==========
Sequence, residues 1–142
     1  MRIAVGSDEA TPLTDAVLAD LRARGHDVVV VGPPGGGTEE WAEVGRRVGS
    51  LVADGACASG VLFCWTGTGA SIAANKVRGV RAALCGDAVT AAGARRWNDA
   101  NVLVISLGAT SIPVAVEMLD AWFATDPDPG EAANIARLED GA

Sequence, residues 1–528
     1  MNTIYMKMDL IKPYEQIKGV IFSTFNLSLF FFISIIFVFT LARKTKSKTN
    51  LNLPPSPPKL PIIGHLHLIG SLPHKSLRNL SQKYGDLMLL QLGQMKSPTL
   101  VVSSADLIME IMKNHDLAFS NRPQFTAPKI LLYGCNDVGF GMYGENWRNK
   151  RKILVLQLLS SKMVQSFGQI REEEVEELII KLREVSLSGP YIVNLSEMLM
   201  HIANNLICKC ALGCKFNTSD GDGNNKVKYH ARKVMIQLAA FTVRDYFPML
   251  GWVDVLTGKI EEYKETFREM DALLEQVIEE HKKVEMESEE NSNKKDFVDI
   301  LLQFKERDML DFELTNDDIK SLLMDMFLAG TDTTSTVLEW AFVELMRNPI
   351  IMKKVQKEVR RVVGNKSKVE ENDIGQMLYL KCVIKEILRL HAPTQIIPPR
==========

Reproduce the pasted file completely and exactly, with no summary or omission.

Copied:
Sequence, residues 1–142
     1  MRIAVGSDEA TPLTDAVLAD LRARGHDVVV VGPPGGGTEE WAEVGRRVGS
    51  LVADGACASG VLFCWTGTGA SIAANKVRGV RAALCGDAVT AAGARRWNDA
   101  NVLVISLGAT SIPVAVEMLD AWFATDPDPG EAANIARLED GA

Sequence, residues 1–528
     1  MNTIYMKMDL IKPYEQIKGV IFSTFNLSLF FFISIIFVFT LARKTKSKTN
    51  LNLPPSPPKL PIIGHLHLIG SLPHKSLRNL SQKYGDLMLL QLGQMKSPTL
   101  VVSSADLIME IMKNHDLAFS NRPQFTAPKI LLYGCNDVGF GMYGENWRNK
   151  RKILVLQLLS SKMVQSFGQI REEEVEELII KLREVSLSGP YIVNLSEMLM
   201  HIANNLICKC ALGCKFNTSD GDGNNKVKYH ARKVMIQLAA FTVRDYFPML
   251  GWVDVLTGKI EEYKETFREM DALLEQVIEE HKKVEMESEE NSNKKDFVDI
   301  LLQFKERDML DFELTNDDIK SLLMDMFLAG TDTTSTVLEW AFVELMRNPI
   351  IMKKVQKEVR RVVGNKSKVE ENDIGQMLYL KCVIKEILRL HAPTQIIPPR